The holiday season is often associated with joy, warmth, and togetherness. However, for those who are grieving, this time of year can be especially challenging and emotionally charged. Maybe you’re facing the death of a loved one, the end of a relationship, or a decline in your health. Whatever the loss might be, the contrast between the festive atmosphere and one's inner sorrow can be overwhelming and isolating. Exploring the aspects of grief during the holidays as well as coping strategies can help you navigate this season.
Grief is a deeply personal and individual experience. No two people grieve in exactly the same way. Common feelings associated with grief include sadness, anger, guilt, and a sense of emptiness. During the holidays, emotions may intensify or become complex. Traditions, memories, and celebrations often serve as reminders of loss.
There's no right or wrong way to grieve. Everyone’s experience with loss is unique and can change over time. Understanding the complicated aspects of grief can help normalize what you’re going through.
Grief does not adhere to a strict timeline or set of rules. It can come and go, and the intensity may vary from day to day or year to year. This unpredictability can make it challenging to navigate the holidays. There are often high expectations for happiness and togetherness during this time of year.
Society places a great deal of pressure on individuals to be festive and cheerful during the holidays. This can be especially tough for those who are grieving. They may feel the need to pretend to be happy when interacting with others.
This time of year is often filled with traditions and memories, which can be both comforting and painful if you’re grieving. These may provide a sense of continuity and connection. However, they can also remind you of the person who is no longer there or another loss you’re experiencing.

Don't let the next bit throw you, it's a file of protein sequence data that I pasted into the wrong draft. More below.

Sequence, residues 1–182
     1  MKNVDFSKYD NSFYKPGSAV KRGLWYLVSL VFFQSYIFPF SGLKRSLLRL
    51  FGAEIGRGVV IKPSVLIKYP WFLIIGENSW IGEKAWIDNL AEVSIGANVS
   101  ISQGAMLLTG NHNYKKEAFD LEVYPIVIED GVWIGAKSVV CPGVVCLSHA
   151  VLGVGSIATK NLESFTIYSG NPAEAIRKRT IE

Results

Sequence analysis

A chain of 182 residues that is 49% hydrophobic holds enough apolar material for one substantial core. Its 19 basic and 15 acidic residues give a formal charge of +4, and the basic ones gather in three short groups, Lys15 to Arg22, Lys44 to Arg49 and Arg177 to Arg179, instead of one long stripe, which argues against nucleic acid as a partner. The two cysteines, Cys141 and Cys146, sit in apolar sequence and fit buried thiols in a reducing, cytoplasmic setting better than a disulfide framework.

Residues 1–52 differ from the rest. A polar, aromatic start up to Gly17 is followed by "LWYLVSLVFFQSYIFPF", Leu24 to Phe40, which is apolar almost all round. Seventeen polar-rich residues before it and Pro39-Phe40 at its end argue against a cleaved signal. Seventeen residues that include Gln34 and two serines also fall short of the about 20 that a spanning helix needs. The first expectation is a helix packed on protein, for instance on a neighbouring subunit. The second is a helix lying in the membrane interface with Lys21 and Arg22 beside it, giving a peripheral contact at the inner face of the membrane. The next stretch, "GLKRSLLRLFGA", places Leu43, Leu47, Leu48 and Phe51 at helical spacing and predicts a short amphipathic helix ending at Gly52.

People have various ways of coping when it comes to holiday grief. Some prefer to immerse themselves in seasonal activities as a distraction, while others choose to avoid them entirely. Both approaches are valid, and it's essential to respect your own needs and boundaries.
Processing grief also varies by cultural and spiritual beliefs. Some communities may have specific periods of mourning or collective rituals. Whereas others may take a more individualistic approach to healing.
The key to navigating the holidays is to find strategies that work for you. It may take some trial and error, and it doesn’t have to stay the same over time.
One of the most critical aspects of coping with grief during the holidays is acknowledging your feelings. It's common to experience a wide range of emotions, from shock, sadness, and anger to numbness, loneliness, and guilt. The first step toward healing is to accept these emotions rather than push them away.
Bottling up emotions doesn’t get rid of them. Instead, it harms your well-being, leading to prolonged suffering and increased stress. It can cause unresolved issues to resurface later, potentially in more challenging ways (e.g., physical health problems). Try to give yourself compassion as you allow yourself to feel the full spectrum of emotions that arise at this time of the year.
Holidays often revolve around cherished traditions. When a loved one is no longer present, these traditions can become painful reminders of their absence. Consider modifying or creating new traditions that are more accommodating to your grief. If certain activities or rituals are too painful, don't be afraid to skip them or adapt them to better suit your emotional needs. Another option is to create a new tradition that honors your loved one's memory.